- lowered tolerance for alcohol
- loss of inhibitions
- worsened depression
- liver damage
Side Effects Of Alcohol
Many of the side effects of alcohol occur when a person consumes the liquid on a long-term basis. But they can also develop when a person starts mixing Zoloft and alcohol as part of a polydrug abuse problem because of the way that the medication intensifies the effects of the depressant.
A few of the most important side effects of alcohol to know about include:
- memory loss
- liver damage
- impaired judgment
- self-destructive behavior
- slurred speech
Side Effects Of Zoloft
Even when taken as directed, Zoloft can lead to a number of side effects.
Some of the possible side effects of Zoloft abuse include:
- loss of appetite
- low libido
- severe sweating
- weight changes
- upset stomach
- dry mouth
- erections that won’t go away
- suicidal thoughts
- worsening of depression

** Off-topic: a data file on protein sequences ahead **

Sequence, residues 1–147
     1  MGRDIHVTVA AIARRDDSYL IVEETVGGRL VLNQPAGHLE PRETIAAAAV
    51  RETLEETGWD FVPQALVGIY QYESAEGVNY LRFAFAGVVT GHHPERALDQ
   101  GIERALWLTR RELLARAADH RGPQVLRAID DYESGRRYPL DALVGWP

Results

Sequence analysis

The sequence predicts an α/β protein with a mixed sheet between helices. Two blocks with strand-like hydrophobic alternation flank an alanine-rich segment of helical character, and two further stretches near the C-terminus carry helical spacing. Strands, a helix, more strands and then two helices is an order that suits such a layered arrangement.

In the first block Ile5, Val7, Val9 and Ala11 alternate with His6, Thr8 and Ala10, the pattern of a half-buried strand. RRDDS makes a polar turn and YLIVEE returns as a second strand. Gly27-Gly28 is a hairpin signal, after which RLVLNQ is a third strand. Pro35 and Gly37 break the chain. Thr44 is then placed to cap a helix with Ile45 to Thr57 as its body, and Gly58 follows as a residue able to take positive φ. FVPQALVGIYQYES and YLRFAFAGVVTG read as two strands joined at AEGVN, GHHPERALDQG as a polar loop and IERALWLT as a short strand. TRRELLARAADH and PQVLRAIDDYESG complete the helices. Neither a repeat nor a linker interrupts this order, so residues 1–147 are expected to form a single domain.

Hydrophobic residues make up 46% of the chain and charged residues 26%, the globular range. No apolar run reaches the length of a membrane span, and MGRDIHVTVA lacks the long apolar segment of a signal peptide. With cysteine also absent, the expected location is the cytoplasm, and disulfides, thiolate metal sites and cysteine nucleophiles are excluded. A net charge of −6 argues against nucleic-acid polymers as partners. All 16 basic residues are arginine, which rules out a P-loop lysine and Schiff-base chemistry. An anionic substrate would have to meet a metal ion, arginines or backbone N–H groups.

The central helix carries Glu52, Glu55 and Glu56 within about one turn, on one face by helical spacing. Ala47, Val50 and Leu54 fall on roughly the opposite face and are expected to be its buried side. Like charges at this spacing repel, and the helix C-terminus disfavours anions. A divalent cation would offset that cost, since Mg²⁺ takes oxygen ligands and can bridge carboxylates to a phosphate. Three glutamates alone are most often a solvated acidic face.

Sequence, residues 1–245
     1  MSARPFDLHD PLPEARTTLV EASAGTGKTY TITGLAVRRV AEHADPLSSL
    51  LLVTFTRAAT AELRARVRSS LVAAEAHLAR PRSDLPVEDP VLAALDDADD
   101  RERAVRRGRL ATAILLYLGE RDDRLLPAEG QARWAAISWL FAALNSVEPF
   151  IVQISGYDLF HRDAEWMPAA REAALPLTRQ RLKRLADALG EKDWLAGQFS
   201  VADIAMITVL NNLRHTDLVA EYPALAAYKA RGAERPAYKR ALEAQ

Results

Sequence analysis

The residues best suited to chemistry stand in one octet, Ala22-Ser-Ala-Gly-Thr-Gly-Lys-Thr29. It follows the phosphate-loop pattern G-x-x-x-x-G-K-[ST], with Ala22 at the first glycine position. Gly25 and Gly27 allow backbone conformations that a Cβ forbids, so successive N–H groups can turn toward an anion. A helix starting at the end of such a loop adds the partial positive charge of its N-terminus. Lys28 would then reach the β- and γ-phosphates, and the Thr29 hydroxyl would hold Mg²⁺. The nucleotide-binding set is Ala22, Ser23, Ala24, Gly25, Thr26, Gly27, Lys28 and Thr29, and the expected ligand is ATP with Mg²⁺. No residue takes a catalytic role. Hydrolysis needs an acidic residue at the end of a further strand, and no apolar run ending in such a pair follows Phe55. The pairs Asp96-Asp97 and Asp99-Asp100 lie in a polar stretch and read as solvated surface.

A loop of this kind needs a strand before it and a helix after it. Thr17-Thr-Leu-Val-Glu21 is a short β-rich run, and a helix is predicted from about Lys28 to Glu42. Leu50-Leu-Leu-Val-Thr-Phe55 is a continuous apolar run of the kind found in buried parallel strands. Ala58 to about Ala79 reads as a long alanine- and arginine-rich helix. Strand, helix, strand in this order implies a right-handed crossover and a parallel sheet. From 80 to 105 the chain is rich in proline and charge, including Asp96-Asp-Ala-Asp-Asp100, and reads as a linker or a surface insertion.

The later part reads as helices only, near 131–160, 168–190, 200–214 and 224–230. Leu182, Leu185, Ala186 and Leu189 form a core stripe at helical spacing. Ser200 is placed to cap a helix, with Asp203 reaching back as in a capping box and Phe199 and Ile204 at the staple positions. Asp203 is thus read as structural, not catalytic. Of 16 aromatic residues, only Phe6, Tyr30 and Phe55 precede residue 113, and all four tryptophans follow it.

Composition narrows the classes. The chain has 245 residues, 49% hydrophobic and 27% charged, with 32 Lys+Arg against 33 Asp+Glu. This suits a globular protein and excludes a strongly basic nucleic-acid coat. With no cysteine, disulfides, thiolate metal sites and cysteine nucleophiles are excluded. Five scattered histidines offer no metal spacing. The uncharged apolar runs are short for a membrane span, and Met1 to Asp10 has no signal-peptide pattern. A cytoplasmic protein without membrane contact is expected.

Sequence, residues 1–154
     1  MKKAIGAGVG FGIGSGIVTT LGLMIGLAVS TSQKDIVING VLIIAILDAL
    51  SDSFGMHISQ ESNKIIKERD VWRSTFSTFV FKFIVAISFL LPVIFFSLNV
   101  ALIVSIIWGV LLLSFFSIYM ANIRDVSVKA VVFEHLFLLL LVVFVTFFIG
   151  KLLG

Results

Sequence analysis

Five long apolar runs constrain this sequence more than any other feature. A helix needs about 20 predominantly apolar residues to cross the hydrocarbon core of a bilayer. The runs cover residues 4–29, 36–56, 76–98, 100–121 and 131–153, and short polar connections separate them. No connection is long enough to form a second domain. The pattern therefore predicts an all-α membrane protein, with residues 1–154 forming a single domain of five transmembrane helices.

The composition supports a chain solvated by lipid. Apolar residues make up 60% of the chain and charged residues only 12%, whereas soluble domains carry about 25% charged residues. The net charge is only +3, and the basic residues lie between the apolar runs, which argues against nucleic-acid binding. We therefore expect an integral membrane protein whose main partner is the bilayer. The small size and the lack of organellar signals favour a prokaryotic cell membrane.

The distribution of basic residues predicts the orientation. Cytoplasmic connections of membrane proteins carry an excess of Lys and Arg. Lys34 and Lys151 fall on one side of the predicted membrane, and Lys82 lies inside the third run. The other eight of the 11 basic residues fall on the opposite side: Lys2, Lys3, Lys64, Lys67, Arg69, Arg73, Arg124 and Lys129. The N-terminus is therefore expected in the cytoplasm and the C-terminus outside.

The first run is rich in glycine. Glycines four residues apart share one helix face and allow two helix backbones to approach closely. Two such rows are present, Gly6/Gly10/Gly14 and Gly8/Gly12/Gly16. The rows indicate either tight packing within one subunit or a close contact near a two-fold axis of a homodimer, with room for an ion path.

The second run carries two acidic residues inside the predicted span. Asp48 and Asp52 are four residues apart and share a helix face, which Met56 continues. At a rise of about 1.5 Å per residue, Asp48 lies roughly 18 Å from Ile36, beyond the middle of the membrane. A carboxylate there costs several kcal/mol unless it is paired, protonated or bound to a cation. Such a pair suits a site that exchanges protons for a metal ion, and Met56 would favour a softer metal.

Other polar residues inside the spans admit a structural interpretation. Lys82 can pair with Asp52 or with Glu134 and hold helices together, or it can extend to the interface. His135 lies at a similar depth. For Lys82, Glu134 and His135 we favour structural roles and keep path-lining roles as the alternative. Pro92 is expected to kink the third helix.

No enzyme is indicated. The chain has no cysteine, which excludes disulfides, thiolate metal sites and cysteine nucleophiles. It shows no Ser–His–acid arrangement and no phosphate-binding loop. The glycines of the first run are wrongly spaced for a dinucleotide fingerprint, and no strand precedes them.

- serotonin syndrome
- changes in heart rhythm
- triggered manic episodes in bipolar patients
Increased Risk For Addiction And Dependence
Zoloft causes the body to become physically dependent on it because of the way that it changes brain chemistry. If someone abruptly stops taking it, they will develop withdrawal symptoms.
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Alcohol can cause addiction and dependence issues, too. When the substances are combined on a regular basis, a person can have an even higher risk of developing a substance abuse problem than they would if they didn’t consume alcohol with their medication.
Dangers Of Mixing Alcohol And Zoloft
One of the scariest dangers of mixing these substances together is the risk of injury to other people. In a 2014 study, homicidal thoughts and actions and memory loss were reported in over half of the 201 pathological intoxication reports that were received regarding the disinhibition effects that the combination of Zoloft with alcohol caused in patients.